Our electrical tab just keeps growing. Last August, Newfoundland Hydro said it needed to do $98 million in capital work in 2014 — that was before the January blackouts. Since then, the utility has argued it needs a $119-million combustion turbine for Holyrood and a new power line from Bay d’Espoir, price tag $219.7 million, as well as a new power line in Labrador that’s ballparked at $300 million.
On June 19, the utility went back to the Public Utilities Board with five new capital projects which, between them, will mean a 15 per cent hike in Hydro’s capital budget this year.
While the costs may not be as significant as new power lines, the requests for work are revealing, if for no other reasons than the questions the work raises. Here are some parts of the applications.
“Fluid samples were taken from all seven operating excitation transformers in Bay d’Espoir during 2013 to provide information on the condition of these transformers to refine the asset replacement plan. The results of the analysis of these samples were received in February 2014 and show that the excitation transformers on Unit 1 through 6 have approached their reliable service life and that Unit 7 has exceeded its normal reliable service life. The fluid analysis results show that the excitation transformers need to be replaced in an expedited manner to reduce the risk of another in-service failure and to ensure system reliability. The excitation transformers are a critical component of the Bay d’Espoir generating station …”
Replacement cost? $1 million.
Then there’s a new discovery, along 126 kilometres of high-voltage transmission lines.
“Since January 12, 2014, numerous insulator pin failures occurred on both transmission lines TL-201 and TL-203. A complete insulator inspection determined that TL-201 had significant corrosion on the insulator pins along the entire line and that TL-203 had isolated sections with significant corrosion. Hydro is recommending that all of the insulators on TL-201 be replaced and that 30 insulators on TL-203 be replaced. … The estimated cost of this project is $3,632,200.”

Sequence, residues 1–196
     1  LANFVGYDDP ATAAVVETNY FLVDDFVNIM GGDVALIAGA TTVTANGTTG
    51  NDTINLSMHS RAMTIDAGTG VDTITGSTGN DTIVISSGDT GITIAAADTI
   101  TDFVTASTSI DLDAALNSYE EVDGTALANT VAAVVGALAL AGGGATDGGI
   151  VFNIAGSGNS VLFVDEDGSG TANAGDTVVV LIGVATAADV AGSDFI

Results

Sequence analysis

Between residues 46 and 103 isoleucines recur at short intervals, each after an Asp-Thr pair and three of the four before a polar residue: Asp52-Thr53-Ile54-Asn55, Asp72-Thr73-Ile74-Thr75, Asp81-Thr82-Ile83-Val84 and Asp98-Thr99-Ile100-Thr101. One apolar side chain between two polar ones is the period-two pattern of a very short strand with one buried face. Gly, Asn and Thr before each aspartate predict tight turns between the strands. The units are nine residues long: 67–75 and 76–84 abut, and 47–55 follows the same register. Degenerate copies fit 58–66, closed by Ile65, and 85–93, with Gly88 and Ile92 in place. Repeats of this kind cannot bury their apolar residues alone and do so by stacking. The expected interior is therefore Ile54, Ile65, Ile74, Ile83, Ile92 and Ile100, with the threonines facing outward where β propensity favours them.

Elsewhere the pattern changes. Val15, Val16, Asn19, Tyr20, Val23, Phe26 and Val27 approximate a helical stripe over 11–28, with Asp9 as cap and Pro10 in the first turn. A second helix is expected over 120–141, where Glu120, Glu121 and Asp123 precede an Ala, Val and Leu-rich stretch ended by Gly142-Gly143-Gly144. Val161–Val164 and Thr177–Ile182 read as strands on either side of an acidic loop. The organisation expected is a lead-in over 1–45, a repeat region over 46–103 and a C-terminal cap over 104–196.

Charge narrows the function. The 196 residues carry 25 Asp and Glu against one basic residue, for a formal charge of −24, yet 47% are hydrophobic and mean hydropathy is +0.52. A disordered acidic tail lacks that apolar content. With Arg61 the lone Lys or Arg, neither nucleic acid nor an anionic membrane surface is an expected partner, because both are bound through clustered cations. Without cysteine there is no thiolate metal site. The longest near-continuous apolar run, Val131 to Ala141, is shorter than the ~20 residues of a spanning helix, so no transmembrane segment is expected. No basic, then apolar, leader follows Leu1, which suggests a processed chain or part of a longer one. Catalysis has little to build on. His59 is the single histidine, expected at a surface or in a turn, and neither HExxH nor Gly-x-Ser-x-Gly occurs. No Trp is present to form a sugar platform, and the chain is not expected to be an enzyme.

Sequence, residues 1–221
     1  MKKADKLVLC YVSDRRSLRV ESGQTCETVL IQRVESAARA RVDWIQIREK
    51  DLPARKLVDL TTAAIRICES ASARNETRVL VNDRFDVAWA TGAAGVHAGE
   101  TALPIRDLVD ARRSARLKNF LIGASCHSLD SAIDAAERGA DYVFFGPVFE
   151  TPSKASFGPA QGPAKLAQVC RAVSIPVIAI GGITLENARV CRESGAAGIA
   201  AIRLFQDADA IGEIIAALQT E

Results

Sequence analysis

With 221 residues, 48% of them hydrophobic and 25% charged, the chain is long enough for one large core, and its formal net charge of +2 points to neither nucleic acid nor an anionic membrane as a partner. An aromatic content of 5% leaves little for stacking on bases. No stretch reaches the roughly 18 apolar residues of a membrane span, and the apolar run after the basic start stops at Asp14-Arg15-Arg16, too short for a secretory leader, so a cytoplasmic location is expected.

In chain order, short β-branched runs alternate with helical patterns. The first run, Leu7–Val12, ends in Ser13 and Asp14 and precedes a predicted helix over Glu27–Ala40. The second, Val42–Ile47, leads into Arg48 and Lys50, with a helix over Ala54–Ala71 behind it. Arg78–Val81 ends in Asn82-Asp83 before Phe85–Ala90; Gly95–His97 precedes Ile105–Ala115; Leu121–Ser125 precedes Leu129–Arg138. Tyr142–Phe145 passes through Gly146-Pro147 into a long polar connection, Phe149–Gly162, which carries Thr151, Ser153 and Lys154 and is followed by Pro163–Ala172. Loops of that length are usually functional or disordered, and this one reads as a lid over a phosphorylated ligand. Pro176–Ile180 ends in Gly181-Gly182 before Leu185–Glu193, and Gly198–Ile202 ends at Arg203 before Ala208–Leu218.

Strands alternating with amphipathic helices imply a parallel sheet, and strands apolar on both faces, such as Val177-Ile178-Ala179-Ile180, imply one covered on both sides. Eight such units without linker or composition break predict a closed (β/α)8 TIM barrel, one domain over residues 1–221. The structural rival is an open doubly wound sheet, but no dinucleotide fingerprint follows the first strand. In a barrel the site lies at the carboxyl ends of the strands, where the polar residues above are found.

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Then there’s the sudden need for capital expenditures in Wabush.
“Currently transformer T5 is not available for service due to increased moisture levels in the transformers oil and insulation. With T5 out of service, the capacity is reduced to 20.6 MVA. According to Hydro’s Operation Load Forecast for Wabush, peak demand is forecasted to reach 21.7 MW during the winter of 2014/2015. This exceeds the current available transformation capacity of the Wabush Substation. … The estimated cost of this project is $958,800.”
Then, there’s the start of the repairs and improvements discovered as a result of last winter’s power failure.
“The replacement of the T1 transformer and associated damaged equipment, along with installation of a new 230 kV breaker and modifications to the protection relays at the Sunnyside Terminal Station, are required to ensure that Hydro can continue to provide safe, reliable and adequate service from this essential facility. This project will be carried out over a two-year period (2014/2015). The total estimated cost of this project is $8,424,200.
“The completion of the tap changer replacement on transformer T5 at the Western Avalon Terminal Station is required to ensure that Hydro can continue to provide safe, reliable and adequate service from this essential facility. The estimated cost of this project is $1,452,500.”
That’s $14.5 million in expenses that weren’t expected less than a year ago.
Every transformer at one station. Every insulator on a main feeder line.
It sounds like more than a little overdue maintenance. And who will pay?